The weather was marginal at best; cold, snowing, the wind in a frenzy. Glenn lead the initial mixed climbing while Pete and I in vain flapped our arms to keep warm. It was a wonder we were climbing at all in that weather, but the nearly empty food sack in my pack reminded me why. Pete had returned to the cave to warm his numb toes as Glenn moved slowly above. Finally the rope tugged expectantly at my harness and, grateful to be moving, I started up into the blizzard.
Glenn had led brilliantly throughout the entire climb, and he demonstrated once again his confidence and competence. The wind seemed to multiply the problems of climbing, blowing snow in my eyes, freezing the lids shut. Little pauses to clear goggles or to warm wooden fingers add up, I thought, and I pushed myself to climb as fast as safety would allow. I had become familiar with rotten conditions after eight days on the mountain and felt strong despite poor tool placements and dubious crampon purchases. I reached Glenn who belayed from good anchors after five hours of fine leading. When Pete joined us, I collected the remaining three screws and deadmen and began to assault the ice between us and the summit.
After a foolish plunge through a cornice, I climbed the steep but solid ice, placing an occasional screw, paying strict attention to tool placements. Dull crampon points did not bite the ice well and my calves ballooned with the repeated kicks. But rhythm and strength returned to me on this lead, dispelling the doubts of the night before. Nothing was simpler than the swing of an axe and the subsequent movements. After four hours of continuous climbing, I belayed from a deadman one pitch below the summit plateau.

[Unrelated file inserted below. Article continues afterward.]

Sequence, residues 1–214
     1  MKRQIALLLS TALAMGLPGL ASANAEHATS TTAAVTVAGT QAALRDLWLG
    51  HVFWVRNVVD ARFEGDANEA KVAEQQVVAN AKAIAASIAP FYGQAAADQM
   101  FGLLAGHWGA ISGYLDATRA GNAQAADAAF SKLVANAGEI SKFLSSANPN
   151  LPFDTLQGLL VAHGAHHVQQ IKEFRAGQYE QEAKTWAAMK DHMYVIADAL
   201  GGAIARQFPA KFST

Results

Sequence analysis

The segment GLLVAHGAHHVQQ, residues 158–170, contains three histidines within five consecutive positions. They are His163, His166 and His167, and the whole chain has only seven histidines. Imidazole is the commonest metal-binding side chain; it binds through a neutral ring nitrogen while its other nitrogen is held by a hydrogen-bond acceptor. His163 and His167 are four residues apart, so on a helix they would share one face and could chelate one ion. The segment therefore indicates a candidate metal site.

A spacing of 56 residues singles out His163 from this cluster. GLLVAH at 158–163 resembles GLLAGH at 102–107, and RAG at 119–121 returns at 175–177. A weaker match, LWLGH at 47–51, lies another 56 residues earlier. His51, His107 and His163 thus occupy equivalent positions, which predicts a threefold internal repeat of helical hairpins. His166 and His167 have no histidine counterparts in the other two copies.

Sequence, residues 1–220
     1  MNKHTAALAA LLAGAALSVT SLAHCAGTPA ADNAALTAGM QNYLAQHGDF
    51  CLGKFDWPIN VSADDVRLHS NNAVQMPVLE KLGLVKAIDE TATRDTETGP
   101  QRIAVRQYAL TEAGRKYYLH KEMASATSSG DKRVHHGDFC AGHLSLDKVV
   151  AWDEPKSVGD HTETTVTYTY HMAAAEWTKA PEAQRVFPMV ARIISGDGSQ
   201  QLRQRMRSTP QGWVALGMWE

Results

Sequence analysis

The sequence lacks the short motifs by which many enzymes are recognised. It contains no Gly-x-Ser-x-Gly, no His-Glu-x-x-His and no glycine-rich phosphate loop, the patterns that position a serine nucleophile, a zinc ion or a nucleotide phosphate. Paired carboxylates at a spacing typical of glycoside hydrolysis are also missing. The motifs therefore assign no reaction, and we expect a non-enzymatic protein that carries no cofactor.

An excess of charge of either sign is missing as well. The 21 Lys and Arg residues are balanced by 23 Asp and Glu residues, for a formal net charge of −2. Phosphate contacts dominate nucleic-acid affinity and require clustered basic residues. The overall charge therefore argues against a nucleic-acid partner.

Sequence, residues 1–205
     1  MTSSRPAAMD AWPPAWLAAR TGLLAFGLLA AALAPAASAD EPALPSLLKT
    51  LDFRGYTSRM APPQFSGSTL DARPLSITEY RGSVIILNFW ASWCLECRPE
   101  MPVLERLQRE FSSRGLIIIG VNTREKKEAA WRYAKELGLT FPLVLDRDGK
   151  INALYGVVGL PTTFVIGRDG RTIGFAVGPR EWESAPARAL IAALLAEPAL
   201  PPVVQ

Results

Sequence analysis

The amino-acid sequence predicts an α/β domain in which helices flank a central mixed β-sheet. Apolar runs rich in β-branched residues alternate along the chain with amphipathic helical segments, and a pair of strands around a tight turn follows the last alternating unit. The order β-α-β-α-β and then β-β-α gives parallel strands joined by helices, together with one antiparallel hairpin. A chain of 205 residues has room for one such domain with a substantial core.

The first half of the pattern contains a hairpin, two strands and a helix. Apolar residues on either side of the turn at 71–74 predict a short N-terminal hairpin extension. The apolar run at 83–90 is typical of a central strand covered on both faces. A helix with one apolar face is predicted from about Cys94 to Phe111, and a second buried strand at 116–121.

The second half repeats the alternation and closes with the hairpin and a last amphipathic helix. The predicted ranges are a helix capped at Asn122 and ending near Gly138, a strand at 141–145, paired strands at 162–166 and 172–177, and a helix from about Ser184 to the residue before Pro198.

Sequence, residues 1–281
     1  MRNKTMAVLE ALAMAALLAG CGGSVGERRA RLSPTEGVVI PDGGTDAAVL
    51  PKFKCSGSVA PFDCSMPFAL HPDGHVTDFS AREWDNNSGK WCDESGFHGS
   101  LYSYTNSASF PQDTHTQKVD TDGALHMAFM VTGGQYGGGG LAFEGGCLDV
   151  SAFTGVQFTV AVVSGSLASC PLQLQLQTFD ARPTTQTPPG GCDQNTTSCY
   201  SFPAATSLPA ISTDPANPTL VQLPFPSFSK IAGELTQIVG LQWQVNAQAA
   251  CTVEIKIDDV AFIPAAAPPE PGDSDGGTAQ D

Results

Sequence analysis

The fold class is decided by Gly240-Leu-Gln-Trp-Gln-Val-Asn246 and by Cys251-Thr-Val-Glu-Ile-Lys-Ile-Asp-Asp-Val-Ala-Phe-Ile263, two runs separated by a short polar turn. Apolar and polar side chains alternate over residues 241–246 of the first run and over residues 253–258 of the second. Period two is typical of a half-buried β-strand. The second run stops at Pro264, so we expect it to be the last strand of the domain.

After Glenn led across the ice toward the final headwall, I noticed him kicking repeatedly but uselessly. His crampon post had broken. He tied into his tools and fumbled mittenless in the cold. As I belayed, Pete almost sprinted across the ice to help. Chopping through the final headwall was a problem, but within moments Pete had established a belay on the summit plateau. I followed, cold and tired, and then Glenn, impaired by the faulty crampon. We all dug in once more and concentrated our thoughts on the descent. We had climbed well in difficult conditions but had not emerged unscathed. Glenn’s fingers were wooden-feeling and white and I warmed Pete’s feet against my abdomen.